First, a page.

Dark & Lovely is attempting to reclaim its place with the African-American shopper as the beauty industry pushes toward inclusion and diversity.
Last week, the 47-year-old hair-care brand, which sells a line of at-home relaxers and hair color for black women, launched the first phase of a rebrand with a focus on Gen-Z and millennial customers. Complete with an updated logo and new outer product packaging, as well as product expansions within its Fade Resist hair-color and relaxer franchises, the L’Oréal-owned company is calling its next phase “Dark & Lovely & [fill in the blank].”
“Dark & Lovely is an iconic brand within the African-American community, and we have had long-lasting and strong relationships with our consumer. We know she is unapologetic about her beauty needs, and we knew we needed to step up and evolve,” said Kristen Blandon, vp of marketing at SoftSheen-Carson, which is subsidiary company within L’Oréal USA’s multicultural beauty division.
Dark & Lovely is facing increased competition from newer and buzzier entrants that are capturing attention from younger African-American customers such as Tracee Ellis Ross with her brand, Pattern Beauty, that can be found at Ulta and Briogeo that is sold at Sephora. Pattern Beauty, specifically, has directly gone after the curly and textured hair consumers with both product and social media content. Experiential touchpoints like Essence Fest, too, which were once dominated by African-American-first brands, have seen traction by brands like DevaCurl and and Estée Lauder that are putting inclusion front and center.
Though Dark & Lovely has some penetration with 20-somethings, its broader customer base ranges up to women in their 70s. Blandon reported that its average consumer changes her hairstyle 30 times a year, proving there is a significant repeat purchase opportunity.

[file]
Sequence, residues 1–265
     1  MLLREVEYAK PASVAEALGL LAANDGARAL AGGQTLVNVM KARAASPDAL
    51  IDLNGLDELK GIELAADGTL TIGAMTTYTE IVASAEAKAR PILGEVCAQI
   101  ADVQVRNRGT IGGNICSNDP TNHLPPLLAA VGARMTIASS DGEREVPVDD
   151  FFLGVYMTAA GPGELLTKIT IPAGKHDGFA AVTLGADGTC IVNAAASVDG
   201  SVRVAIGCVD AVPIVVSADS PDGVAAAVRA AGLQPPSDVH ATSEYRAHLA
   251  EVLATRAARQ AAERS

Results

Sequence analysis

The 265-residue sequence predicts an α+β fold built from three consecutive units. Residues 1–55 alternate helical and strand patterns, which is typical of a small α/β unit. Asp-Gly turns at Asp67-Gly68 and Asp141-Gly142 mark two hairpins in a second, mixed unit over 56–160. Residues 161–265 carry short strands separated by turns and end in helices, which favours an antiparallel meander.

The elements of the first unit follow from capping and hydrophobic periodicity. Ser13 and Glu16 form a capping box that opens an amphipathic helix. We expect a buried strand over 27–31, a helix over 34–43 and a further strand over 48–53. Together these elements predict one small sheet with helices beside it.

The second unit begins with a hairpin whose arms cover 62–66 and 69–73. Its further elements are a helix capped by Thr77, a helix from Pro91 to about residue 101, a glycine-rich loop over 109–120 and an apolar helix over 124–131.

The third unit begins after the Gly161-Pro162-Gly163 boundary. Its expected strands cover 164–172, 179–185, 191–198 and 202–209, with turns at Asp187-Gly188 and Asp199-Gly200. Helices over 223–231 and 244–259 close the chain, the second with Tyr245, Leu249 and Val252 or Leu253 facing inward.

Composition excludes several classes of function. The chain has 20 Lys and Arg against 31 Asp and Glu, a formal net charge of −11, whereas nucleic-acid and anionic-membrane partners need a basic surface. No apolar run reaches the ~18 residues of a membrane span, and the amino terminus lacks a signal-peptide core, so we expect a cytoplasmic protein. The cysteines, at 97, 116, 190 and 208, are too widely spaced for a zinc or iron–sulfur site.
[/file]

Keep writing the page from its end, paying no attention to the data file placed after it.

To tease the product and repackaging piece of the campaign, the Dark & Lovely team first tested products with Howard University students this fall, and at the same time, it rolled out the new imagery on its Instagram channel and an updated Softsheen-Carson.com website. Despite its social media focus, Dark & Lovely does not have its own standalone e-commerce site. Through Softsheen-Carson.com, customers can link to retail partners selling the brand through e-commerce. Dark & Lovely is sold in 77,000 mass stores such as Walmart, Dollar General and Family Dollar, as well as Amazon.
As such, the aforementioned partners will be key for Dark & Lovely’s updated look and messaging. In the first quarter of 2020, the company will roll out updated displays and signage in these stores to better help consumers find products and to conduct in-store sampling. Other African-American brands like Black Opal have already begun trying to tap young, black female shoppers this way, as well as with Instagram-UGC campaigns.
Maya Brown, head of marketing for Black Opal Beauty, previously told Glossy, “If a regular person sees themselves in our products and imagery, that is a win. Women of color have always been our positioning, and customers will feel like Black Opal is made for them.”
Dark & Lovely is a major portion of L’Oréal’s “sharing beauty with all” pillar, and the brand, like Maybelline and NYX Cosmetics, was called out in annual results for being a driver of the parent company’s $13 million net sales in its consumer products division. Still, according to Euromonitor International data, Dark & Lovely’s rank within hair care (No. 53) remained flat between 2013 and 2018. While it has seen growth within the perms and relaxer category over the last five years, from No. 3 in 2013 to No. 1 presently, that segment is particularly challenged, seeing losses of 31% over the same time period due to the cultural push toward natural hair.
Still, the company is not deterred. “The Dark & Lovely & campaign is to focus on what is next for the brand and what is possible for us,” said Blandon. “Maybe these younger customers know Dark & Lovely because of their mothers. We don’t have that one-to-one relationship with her yet, but we do want to.”